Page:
Today was a Training Day. The title of the day was ‘Thinking Big……Breaking Free’. The journey to this point has been built through a combination of many, many of the elements that are frequently blogged about.
A year ago training days were fairly traditional – a theme set by SLT and linked to the School Development Plan (SDP), with an SLT/ guest speaker led opening and SLT led closing session with a bit of departmental work in between. Lunch took place in the school canteen and was heavy on the baked potatoes.
Some of these days were quite good. The set themes were important and based on the data of the time. The SDP had been carefully considered to tackle the pertinent issues in the school. The guest speakers were usually relevant and engaging as they spoke to (at) 140 teaching staff. There were pockets of innovation and lots of very good teachers.
The school results were solid and there was a buoyant staff who worked hard. We were consolidating ‘good’ – we were tightening.
@teachertweaks in their blog Part Five: How do you develop a strong learning culture amongst staff? state:
“If you asked a teacher to describe our teaching and learning vision, they would most probably respond with ‘To get another good or maybe an outstanding grade from Ofsted’. And this, in a nutshell, is our problem. All past conversations about teaching and learning have been centred around doing well when we’re Ofsteded. That is not a vision: it’s an outcome.”
This is exactly where we were in 2011/12. However, two significant events happened in the Spring / Summer of 2012 that led us much closer to the point we arrived at today. In May 2012 we received a very good OFSTED report. In August 2012 after a few years of steady progress, our 5 A* -C with English and Maths rose by 12% to a very high standard.
These 2 factors gave us the impetus towards becoming a more self-confident school. With OFSTED recently behind us and results that are arguably outstanding, two of the major barriers and blocks for staff in ‘loosening up for outstanding’ had been reduced. We had the impetus to BE BRAVE and TAKE RISKS.
However, the Autumn Term 2012 was tough. All of the goals we had been pursuing with rigour for 3 years had been (almost) achieved. There was a lull and a feeling of ‘what next?’
OFSTED had highlighted 2 action points (as they do) and they were pretty broad and in fact pretty fair. So we did something that we hadn’t done too often previously in terms of CPD – we asked the staff how they wanted to approach tackling them, we listened to them – we were starting to go ‘bottom-up’.
The training day in February 2013 started the significant shift. The theme had still been set from the ‘top’ – in this case OFSTED action point – but there was free reign for staff in cross-departmental groups to generate ideas, discuss and debate, facilitated by their peers. The outcome was a whole school approach to independent learning within which virtually all staff could visibly see their input.The fact that it evolved from contributions from such a diverse and large group of teachers has meant that a wide range of views (knowledge and skills advocates) are represented in the final outcome.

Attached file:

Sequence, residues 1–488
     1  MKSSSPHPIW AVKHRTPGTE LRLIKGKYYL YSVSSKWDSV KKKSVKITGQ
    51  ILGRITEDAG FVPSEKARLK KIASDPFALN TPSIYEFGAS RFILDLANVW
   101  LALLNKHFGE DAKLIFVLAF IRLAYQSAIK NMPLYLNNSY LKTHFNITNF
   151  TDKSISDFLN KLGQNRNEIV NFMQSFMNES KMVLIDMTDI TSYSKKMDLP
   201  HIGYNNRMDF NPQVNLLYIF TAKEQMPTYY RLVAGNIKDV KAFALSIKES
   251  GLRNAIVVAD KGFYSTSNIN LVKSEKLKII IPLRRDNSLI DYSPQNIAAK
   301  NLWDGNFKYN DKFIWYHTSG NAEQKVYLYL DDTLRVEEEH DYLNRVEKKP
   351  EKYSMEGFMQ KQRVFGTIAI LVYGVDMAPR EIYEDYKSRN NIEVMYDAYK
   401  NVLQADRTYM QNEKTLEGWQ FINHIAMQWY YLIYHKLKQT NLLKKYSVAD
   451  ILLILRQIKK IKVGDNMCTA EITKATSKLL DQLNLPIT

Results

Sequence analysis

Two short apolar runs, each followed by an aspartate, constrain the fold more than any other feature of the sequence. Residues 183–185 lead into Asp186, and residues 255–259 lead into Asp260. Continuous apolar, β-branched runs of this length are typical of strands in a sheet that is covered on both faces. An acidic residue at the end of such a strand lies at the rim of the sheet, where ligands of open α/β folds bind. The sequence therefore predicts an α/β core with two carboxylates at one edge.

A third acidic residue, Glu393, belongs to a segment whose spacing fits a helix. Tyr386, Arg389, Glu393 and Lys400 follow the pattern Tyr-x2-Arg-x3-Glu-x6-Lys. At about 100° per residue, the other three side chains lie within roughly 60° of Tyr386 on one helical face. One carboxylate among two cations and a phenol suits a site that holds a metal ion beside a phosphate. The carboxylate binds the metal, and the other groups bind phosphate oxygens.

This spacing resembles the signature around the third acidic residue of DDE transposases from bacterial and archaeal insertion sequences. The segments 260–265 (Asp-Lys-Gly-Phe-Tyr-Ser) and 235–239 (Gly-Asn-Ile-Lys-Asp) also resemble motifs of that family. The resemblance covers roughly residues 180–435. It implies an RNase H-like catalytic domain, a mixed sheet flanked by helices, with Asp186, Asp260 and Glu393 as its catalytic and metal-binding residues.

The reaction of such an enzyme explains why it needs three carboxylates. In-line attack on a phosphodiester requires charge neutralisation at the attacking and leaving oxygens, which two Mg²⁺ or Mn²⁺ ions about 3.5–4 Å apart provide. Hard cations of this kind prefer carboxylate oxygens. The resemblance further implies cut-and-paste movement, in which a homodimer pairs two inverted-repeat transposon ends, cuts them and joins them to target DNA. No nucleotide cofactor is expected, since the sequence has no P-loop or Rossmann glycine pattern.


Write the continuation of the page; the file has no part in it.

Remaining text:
Alongside these developments we have also encouraged staff at all levels to engage in formal and informal professional development opportunities. We have supported and been well supported by Chris Holmwood and our local Teaching School @LTCSBE which has created many more opportunities for individual and team developments. Following the latest, Middle Leader day out, Chris described the sessions and the subsequent mood amongst the group as ‘potentially game changing’.
Less formally many key staff are positively engaging with Twitter groups, attending Teachmeets and writing blogs. Pedagogical discussions are beginning to dominate conversation in the staffroom.
And so to today.
For today’s ‘Thinking Big….Breaking Free’ sessions the starting question was ‘What does GREAT look like in….?’ Departments decided how they wanted to approach the question and discussed, debated and drew conclusions – concerns and anxieties were able to be expressed as blocks and barriers to ‘GREAT’ were identified. From here, cross-departmental buddy groups, facilitated by the middle leaders explored the ideas of ‘Squaring the Circle’ – how can we still have all of the ideas for ‘GREAT’ lessons while resolving the anxieties that still exist around meeting the OFSTED criteria for outstanding.
A working lunch internal Teachmeet at our ‘Outstanding café’ followed with a range of great practice being shared by 7 members of staff, ranging from NQTs to Middle Leaders from different departments. Further time in departments to explore and develop GREAT ideas linked to the whole school independent learning developments followed in the afternoon. The feedback was hugely positive and the outcomes in terms of ideas that departments own and want to explore further are truly GREAT. But perhaps more important is the change in mind set. Staff are now approaching CPD and training days with a different attitude. Teachers at all levels are identifying ideas that they wish to pursue and there is a genuine desire to contribute.
There are a whole plethora of upside down CPD ideas that we are intending to expand on further next year – we have momentum – we have changed the game.